SCORE: Powered by the SBA, SCORE can help you find a mentor (virtual or in your area) who has successfully done exactly what you’re trying to do right now: Get that $$. You can ask them all of your questions about raising capital, like where to make connections and how to pitch your business.
Stella Labs: A non-profit designed specifically to help women get their business off the ground, including creating plans to successfully scale your company, connecting you with angel investors, and match you with mentors.
Pitch Decks From Successful Companies: Check out this running list of fundraising pitch decks from companies like Airbnb, LinkedIn, Uber, WeWork, and more. Exactly the inspo you need to crank out a deck that will impress investors.
Tips From Girlboss Members
“If you’re making money, then put off fundraising for as long as possible. Unless you have a massive growth scale business and you’re ready to receive a LOT of money to scale, just invest the money you’re making back into the business and grow it on your own as much as you can. That will give you a much stronger position when you do raise financing. When researching investors, look at other companies like yours, who funded them, and reach out to those founders and find out if they like working with their funders. Always interview folks who have been funded by an investor before working with them.” –Emily Best, Founder of Seed&Spark
“I’ve bootstrapped all three of my companies using little cash injections I created on my own. In more recent years that looked like short term products, affiliate income, and audits, or one-on-one coaching offers that I wouldn’t usually take. A lot of that early hustle taught me more about marketing than any of my certifications did. Want to learn sales copywriting? Try to sell everything in your apartment over Facebook marketplace and Craigslist for more than you paid for it. Trust me you will walk away knowing how to write a headline that sells. There’s a lot of unspoken value in bootstrapping.” –Cara Parrish, Marketing Agency Founder
“I sacrificed going out, being social last couple years of my 20s, and worked my ass off babysitting to invest $20k into my biz. Don’t wait around for someone to hand money to you. If you can’t find funding, go create it yourself! I wouldn’t be where I am today if I waited for someone to hand me a check.” –Fabiola Segovia, Founder and CEO of Thrive and Align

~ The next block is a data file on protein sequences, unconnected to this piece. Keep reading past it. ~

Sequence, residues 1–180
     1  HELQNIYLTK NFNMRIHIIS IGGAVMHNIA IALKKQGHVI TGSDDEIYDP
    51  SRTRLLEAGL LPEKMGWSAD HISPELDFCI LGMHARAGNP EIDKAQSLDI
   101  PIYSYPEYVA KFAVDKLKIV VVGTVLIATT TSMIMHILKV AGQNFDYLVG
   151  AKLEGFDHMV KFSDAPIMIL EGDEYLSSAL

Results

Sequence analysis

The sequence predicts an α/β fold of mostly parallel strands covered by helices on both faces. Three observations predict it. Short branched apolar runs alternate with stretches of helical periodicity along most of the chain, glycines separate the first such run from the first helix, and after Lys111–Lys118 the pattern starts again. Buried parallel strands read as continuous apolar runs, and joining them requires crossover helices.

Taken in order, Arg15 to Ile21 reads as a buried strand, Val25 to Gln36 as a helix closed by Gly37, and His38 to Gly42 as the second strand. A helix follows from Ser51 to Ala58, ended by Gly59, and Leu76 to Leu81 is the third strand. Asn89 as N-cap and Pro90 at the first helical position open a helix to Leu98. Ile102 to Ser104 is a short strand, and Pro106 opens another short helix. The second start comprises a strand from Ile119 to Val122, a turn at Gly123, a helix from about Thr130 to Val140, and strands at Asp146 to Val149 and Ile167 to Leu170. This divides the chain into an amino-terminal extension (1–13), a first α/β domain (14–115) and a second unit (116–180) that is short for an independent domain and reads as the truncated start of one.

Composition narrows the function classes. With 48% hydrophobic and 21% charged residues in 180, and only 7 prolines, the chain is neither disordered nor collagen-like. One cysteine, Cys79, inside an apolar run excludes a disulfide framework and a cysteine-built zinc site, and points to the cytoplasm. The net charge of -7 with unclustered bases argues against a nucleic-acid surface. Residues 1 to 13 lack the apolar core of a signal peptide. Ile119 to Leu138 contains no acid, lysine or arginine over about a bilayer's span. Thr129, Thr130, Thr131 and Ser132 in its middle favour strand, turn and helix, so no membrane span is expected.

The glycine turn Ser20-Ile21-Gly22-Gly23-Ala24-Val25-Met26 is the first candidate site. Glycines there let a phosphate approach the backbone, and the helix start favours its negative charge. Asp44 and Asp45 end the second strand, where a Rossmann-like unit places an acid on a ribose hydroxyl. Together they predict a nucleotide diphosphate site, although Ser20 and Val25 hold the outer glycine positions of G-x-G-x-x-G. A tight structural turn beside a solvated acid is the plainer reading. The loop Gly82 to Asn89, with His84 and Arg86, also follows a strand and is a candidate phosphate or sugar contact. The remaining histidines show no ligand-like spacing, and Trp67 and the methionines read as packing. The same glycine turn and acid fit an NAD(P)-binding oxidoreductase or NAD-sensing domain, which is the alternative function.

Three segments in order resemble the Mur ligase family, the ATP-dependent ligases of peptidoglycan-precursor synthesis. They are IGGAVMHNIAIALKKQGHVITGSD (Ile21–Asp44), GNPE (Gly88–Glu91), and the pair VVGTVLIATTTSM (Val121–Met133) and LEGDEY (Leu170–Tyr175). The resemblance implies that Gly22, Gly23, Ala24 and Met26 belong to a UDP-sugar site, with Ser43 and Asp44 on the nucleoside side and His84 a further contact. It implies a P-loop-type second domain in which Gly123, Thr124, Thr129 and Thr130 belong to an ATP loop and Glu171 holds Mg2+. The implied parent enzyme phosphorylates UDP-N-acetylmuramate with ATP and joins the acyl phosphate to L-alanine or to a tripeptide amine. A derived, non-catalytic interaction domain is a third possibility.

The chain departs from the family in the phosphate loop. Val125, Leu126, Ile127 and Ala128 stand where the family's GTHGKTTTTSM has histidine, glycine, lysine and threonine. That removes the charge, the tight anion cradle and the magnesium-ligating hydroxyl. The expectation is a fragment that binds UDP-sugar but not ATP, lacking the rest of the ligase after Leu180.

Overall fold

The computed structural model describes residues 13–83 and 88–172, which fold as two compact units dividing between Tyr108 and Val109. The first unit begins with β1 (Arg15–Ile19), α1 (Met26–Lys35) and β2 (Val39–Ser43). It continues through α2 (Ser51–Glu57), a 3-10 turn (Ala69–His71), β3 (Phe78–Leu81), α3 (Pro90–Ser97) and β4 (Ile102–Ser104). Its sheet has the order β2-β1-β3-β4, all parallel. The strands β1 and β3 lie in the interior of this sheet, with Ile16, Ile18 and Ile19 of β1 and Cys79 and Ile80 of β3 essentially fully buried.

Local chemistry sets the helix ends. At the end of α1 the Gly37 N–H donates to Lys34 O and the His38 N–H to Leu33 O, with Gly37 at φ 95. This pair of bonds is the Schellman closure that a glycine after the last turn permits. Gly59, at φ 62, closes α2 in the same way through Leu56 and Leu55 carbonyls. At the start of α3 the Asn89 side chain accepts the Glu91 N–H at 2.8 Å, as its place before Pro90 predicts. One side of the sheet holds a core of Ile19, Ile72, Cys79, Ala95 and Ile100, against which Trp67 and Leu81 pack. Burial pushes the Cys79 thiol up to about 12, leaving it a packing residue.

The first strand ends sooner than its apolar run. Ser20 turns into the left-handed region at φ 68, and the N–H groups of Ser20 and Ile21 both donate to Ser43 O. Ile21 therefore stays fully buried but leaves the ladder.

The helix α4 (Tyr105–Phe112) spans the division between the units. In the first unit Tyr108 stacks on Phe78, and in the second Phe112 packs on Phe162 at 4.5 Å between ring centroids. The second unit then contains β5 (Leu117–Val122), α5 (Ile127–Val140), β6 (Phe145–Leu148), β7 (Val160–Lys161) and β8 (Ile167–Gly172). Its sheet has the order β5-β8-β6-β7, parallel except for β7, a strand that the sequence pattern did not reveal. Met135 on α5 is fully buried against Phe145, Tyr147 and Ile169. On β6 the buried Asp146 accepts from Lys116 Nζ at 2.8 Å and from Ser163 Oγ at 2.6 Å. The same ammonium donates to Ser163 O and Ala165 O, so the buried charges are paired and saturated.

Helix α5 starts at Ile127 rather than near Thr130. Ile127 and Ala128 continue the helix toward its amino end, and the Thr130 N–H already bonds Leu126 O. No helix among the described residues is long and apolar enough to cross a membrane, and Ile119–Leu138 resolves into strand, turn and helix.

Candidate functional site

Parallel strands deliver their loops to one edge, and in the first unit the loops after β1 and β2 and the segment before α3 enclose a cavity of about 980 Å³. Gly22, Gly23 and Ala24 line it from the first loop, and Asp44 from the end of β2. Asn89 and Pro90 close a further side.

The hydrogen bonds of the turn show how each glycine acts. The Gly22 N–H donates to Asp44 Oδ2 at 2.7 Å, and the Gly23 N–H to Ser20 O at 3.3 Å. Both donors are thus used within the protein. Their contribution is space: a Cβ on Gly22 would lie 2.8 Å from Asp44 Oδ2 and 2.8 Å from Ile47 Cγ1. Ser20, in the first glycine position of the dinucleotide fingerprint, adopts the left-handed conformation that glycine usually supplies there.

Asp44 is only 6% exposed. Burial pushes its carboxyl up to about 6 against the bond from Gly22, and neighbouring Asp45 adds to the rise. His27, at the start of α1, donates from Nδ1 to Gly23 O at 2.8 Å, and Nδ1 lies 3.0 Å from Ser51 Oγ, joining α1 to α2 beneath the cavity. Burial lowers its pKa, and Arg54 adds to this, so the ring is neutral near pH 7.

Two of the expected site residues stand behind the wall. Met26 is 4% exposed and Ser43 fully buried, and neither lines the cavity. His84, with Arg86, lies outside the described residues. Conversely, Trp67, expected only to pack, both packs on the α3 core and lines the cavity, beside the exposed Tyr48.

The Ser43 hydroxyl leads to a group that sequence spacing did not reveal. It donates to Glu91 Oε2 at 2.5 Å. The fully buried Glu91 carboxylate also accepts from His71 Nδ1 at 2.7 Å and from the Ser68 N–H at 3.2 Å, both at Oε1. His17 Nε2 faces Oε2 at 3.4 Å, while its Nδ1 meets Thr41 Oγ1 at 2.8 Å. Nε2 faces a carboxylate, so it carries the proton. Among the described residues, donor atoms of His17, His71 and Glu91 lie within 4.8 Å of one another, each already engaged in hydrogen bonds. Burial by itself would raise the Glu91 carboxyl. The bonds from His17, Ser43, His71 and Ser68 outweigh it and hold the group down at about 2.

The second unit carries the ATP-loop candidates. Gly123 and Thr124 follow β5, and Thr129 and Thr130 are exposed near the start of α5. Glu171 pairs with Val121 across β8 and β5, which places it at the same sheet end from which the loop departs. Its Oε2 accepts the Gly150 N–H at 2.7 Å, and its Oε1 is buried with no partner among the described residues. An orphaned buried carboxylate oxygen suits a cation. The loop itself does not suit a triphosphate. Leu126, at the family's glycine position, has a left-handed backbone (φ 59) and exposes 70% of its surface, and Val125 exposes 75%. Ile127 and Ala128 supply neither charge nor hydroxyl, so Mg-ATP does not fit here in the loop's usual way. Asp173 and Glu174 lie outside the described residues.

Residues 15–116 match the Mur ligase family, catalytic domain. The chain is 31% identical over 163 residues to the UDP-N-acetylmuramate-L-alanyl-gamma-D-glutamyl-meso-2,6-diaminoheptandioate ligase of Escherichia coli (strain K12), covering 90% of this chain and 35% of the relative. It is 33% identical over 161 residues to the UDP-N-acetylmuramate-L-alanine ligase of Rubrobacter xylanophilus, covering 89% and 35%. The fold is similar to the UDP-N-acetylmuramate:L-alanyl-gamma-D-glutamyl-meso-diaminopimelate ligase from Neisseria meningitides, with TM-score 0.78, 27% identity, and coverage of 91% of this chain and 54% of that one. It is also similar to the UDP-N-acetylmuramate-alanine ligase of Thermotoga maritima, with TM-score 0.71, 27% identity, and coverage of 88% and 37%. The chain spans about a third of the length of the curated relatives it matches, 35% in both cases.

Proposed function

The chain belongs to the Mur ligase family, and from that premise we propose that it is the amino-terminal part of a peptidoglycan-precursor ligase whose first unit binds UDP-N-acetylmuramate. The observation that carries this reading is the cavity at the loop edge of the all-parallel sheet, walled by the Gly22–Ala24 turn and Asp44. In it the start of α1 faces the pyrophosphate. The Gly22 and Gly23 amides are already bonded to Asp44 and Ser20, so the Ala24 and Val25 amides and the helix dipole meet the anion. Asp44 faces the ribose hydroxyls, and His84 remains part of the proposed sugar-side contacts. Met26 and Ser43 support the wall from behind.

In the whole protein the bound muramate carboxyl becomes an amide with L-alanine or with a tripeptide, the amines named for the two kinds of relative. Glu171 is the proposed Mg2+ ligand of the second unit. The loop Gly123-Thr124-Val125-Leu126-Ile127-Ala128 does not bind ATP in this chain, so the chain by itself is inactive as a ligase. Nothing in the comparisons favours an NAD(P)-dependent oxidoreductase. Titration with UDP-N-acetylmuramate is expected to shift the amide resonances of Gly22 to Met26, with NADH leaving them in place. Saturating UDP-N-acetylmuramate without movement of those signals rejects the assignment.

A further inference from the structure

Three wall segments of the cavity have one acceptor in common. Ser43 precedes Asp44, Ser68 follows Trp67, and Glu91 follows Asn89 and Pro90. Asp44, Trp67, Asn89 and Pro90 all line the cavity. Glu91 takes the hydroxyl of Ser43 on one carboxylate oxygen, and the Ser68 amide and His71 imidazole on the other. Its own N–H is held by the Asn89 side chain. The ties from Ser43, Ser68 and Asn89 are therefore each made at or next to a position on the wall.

“I hadn’t previously considered entrepreneurship before because I hadn’t known that it was an option. Once I realized that it was a career path, I decided to take the plunge and I gave myself two weeks to come up with an idea. Thirty-six hours later I had the idea to create ClassPass. At that point, I had worked for six years and saved enough money that I knew I could survive even if ClassPass didn’t end up working out. However, I was passionate about the idea for ClassPass and thought that our mission was too powerful to fail.” –Payal Kadakia, Founder of ClassPass
“I’m able to save [and fund my business on my own] because of something in Jamaica we call ‘partner’ (in Haiti and African countries it’s called ‘susu’). It’s a savings scheme where a group of people pool their cash together and one person gets their ‘draw’ each week until everyone gets a turn. The person who controls it is called the ‘banker.’ The length can be four months, six months, or a year.” –Dacia Thompson, Founder of Chillology + Covet Space